German court rules Facebook like button may break law

German court bans a shopping website from using the "like" function of its Facebook page if it did not warn customers
German court bans a shopping website from using the "like" function of its Facebook page if it did not warn customers that their data was being recorded

Facebook 'like' buttons on commercial websites break German law if users are not warned that their personal data is being shared, a court ruled on Wednesday.

In a potentially significant ruling for the social media giant, the banned a shopping website from using the function on its pages if it did not first warn customers their data was being recorded.

The Fashion ID site, run by the Peek & Cloppenburg brand, was warned that it could be fined 250,000 euros ($275,000) for every breach of the order, seen by AFP.

The retailer will now be forced to warn that 'liking' the site on Facebook grants permission for the company to log their IP address.

They will also be forced to tell users that they can withdraw their consent at any time.

Fashion ID will now be able to appeal the order, made in a civil court in Dusseldorf after a case was brought by the Verbraucherzentrale consumer organisation.

The body accused the site of failing to abide by Germany's strict data protection laws, a particularly sensitive subject in the country.

In a statement they warned that users' browsing data was transferred to Facebook on pages with like buttons, even if they were not signed up to the website.

Facebook's use of data is already under scrutiny in the country where web users are protected by strong privacy rules.

The German competition commission opened an investigation into Facebook earlier this month over suspicions that it is abusing its dominant market position to impose illegal terms and conditions on its users.

"For web services like Facebook that are funded by advertising, users' data has enormous value. That is exactly why we must also examine any abuse of their dominant position (to see) if they have sufficiently explained the means and extent of data collection to their users," Germany's Federal Cartel Office said in a statement.


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German watchdog says Facebook may breach data protection rules

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Citation: German court rules Facebook like button may break law (2016, March 9) retrieved 20 July 2019 from https://phys.org/news/2016-03-german-court-facebook-button-law.html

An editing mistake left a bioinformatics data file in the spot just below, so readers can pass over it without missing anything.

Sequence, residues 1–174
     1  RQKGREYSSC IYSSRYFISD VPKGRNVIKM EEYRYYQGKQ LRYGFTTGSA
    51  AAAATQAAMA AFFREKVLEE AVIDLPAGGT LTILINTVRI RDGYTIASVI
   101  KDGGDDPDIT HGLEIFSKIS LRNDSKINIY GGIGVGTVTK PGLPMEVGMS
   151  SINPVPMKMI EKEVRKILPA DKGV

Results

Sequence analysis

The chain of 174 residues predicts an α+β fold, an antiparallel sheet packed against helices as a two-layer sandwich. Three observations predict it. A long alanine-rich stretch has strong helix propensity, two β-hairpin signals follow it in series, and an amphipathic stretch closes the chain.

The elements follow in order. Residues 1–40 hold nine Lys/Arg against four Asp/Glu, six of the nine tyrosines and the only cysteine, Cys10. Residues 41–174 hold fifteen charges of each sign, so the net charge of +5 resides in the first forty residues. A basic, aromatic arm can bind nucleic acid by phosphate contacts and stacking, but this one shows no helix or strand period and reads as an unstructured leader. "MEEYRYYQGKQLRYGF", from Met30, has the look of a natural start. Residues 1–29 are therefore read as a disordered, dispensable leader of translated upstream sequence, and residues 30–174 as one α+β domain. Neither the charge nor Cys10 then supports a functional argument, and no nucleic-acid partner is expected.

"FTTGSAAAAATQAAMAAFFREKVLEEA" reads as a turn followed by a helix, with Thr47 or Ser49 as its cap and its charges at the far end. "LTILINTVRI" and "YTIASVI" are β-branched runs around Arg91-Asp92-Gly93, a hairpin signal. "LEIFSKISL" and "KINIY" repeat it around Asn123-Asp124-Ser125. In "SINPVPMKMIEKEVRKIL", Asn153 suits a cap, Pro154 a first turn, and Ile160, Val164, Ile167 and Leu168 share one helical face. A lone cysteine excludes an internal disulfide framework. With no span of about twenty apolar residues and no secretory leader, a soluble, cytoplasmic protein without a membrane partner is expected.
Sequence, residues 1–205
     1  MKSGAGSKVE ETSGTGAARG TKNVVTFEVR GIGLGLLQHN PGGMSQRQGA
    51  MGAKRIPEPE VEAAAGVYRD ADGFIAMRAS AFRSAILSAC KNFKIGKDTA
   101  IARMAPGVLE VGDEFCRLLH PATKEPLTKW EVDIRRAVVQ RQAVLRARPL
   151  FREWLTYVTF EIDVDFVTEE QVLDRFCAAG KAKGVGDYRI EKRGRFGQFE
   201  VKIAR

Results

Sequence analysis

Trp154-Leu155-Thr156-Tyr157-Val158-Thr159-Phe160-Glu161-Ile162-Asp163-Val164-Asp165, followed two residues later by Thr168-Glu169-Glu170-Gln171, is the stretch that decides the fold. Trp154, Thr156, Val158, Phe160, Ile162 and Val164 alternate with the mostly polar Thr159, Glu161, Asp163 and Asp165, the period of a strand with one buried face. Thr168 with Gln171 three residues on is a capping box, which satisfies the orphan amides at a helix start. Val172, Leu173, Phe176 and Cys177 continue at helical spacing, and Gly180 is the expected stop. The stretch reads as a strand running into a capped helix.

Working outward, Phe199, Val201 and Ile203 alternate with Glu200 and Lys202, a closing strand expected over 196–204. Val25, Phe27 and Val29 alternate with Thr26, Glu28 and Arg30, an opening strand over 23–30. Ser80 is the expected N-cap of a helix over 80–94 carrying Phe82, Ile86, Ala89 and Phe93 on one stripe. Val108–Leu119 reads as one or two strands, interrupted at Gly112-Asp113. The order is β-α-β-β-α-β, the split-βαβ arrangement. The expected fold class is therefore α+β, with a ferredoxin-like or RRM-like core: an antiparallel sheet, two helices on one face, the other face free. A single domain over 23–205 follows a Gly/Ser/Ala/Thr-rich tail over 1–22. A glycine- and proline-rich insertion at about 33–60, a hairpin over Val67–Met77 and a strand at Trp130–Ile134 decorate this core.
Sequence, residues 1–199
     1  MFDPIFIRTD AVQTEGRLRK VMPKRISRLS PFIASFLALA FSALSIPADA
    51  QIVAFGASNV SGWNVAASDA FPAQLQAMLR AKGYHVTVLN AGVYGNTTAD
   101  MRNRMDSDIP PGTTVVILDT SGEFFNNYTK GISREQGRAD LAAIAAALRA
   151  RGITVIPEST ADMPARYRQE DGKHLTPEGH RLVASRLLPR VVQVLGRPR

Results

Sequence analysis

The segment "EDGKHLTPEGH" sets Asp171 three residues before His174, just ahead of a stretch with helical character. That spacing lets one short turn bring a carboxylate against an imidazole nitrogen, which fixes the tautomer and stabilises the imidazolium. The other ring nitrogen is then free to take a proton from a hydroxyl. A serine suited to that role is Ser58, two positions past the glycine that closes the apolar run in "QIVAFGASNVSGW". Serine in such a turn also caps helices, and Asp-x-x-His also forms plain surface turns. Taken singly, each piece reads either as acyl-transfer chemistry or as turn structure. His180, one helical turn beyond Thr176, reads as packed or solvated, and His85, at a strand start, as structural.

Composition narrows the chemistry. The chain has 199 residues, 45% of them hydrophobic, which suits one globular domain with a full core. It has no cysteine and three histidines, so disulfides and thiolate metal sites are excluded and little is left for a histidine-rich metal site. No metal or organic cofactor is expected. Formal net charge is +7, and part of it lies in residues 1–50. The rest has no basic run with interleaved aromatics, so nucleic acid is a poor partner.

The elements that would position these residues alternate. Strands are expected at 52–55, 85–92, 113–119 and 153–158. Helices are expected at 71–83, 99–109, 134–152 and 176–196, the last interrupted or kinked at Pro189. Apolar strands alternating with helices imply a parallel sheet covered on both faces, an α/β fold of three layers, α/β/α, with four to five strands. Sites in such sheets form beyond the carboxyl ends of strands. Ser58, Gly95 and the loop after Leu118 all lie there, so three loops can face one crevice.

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Mar 09, 2016
The retailer will now be forced to warn users that 'liking' the site on Facebook grants permission for the company to log their IP address.


They log the IP address anyhow, whenever the button even appears on a webpage, because your browser has to contact a facebook server to fetch the image. Unless you explicitly block the social media buttons, you are sending them your information.

There's no way to know what they do with the data, and they have multiple means to bypass the "do not log IP" rule. For example, by not logging the IP but instead some "anonymized" identifier that can nevertheless be connected to the user at a later time when they do login to Facebook.


Mar 09, 2016
Plus your likes are publicly listed like a board of names of people who approve of a product. Anyone can look at the likes on a page and see your name in them. Using a sophisticated google spider you can construct a complete image of everything anyone has ever liked publicly, and then sell it to advertisers who can then pick up your email or actual address from a re-seller of public information. We need to take personal data and living information out of the realm of advertising permanently.

Mar 09, 2016
In other news. Facebook unfriended the German courts.
Das ist schlecht, nein?

Mar 09, 2016
About time the facebook snake was recognized for the spy and agent of whoever it is.

Mar 09, 2016
About time the facebook snake was recognized for the spy and agent of whoever it is.


agents of zionist NWO murderers. You know the same group who brought down the twin towers and got the U.S. embroiled in a ridiculous never ending crusade in the middle east.

It's Israel.

Mar 12, 2016
The Europeans need to update their laws and regulations. All social media must gather personal information in order to pay their bills and make money. Otherwise there will be no social media.

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